Friends and members of Bethlehem Lutheran Church, sisters and brothers of all faiths or no faith, partners in ministry, neighbors, community leaders, public servants, peacemakers...welcome. This is a good place to be.
Welcome on behalf of the congregation here at Bethlehem. Thank you for being here tonight. I’m Pastor Dan Roschke, and I just arrived here from San Diego, to serve in this good place, a place that welcomes everyone regardless of religious history, sexual orientation, skin color, country of origin, ability, and on and on... YOU ARE ALL WELCOME HERE. But you know what’s not welcome here: the actions and words of hatred, discrimination, bigotry and violence.
On June 26, members of our congregation discovered early in the morning, upon arrival for some work projects — broken glass from our prayer station and stained glass window; cut wires for our sound system; every single pew/seat where you are sitting sliced open; and most racist, anti-semitic words and symbols scratched across these walls — the N-word, the F-word, swastikas, “You’re all going to hell”.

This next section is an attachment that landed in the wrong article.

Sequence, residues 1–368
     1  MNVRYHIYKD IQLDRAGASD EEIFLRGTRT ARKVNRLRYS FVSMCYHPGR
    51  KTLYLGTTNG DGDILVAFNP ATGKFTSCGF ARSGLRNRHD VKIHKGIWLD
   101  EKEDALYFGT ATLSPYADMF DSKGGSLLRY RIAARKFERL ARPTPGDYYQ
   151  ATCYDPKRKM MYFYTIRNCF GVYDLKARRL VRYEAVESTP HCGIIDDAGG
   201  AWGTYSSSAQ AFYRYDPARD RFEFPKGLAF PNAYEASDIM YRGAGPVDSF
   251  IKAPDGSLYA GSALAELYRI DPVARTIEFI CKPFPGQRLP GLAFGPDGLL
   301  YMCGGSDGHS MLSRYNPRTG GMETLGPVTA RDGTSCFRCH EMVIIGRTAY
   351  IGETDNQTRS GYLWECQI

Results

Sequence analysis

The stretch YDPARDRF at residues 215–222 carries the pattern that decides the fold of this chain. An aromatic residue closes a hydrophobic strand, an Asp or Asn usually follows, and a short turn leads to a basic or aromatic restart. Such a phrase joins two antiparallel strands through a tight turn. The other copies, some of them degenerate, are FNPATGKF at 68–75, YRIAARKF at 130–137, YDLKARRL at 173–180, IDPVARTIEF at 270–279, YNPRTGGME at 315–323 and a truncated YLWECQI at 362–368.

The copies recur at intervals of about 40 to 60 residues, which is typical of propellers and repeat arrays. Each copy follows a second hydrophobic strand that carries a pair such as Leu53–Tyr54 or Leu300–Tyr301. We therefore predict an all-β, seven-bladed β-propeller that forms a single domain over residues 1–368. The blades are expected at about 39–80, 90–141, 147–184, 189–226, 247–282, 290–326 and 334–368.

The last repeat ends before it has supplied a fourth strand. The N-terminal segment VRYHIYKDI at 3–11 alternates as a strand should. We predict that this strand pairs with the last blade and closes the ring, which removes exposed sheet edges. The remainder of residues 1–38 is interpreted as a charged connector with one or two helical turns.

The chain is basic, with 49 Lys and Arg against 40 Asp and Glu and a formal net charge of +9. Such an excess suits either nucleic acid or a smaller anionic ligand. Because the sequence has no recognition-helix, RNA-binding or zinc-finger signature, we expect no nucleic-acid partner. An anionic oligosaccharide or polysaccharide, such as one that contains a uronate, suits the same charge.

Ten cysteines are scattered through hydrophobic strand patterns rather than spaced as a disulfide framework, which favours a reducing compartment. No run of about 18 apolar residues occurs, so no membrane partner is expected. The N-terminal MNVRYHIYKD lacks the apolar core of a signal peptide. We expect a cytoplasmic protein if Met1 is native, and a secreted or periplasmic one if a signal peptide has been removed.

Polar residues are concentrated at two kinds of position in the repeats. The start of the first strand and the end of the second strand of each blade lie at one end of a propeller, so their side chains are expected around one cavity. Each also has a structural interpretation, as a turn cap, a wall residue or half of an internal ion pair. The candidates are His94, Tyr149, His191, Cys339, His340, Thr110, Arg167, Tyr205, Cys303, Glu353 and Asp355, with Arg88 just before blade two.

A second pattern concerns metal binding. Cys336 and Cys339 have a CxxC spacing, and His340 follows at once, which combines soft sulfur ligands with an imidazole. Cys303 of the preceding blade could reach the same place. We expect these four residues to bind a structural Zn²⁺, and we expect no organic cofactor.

It was my first day here with my family. My children had never set foot in this space, only to discover such terror and evil. This community even more has been shaken to the core as this seventh and worst break-in was clearly directed this time at certain groups and took place in here, in the sanctuary, our holy space where we gather and worship in peace.
We’ve been picking up the pieces ever since. And your presence has aided in those efforts tremendously. Some of our families have stayed away — out of fear, out of sadness, out of confusion about what they would tell their children. And so quilts from outside our congregation started pouring in to cover these pews. Thank you for your prayers, your words, your strength and your covering us with beauty, diversity and love. Your presence here with us is so important.
This evening, you’ll be hearing specifically from Jewish, Muslim and Christian faith leaders. We’ll share a few brief videos, and then we’ll open up for a few minutes to hear from you, from some elected officials who are with us, and finally we’ll conclude by lighting a candle and singing together as we’re able, “We Shall Overcome”.
In a culture that, I’m afraid, has lost the gift of communal singing, let’s just counter that and begin by joining our voices too…for “we are called”...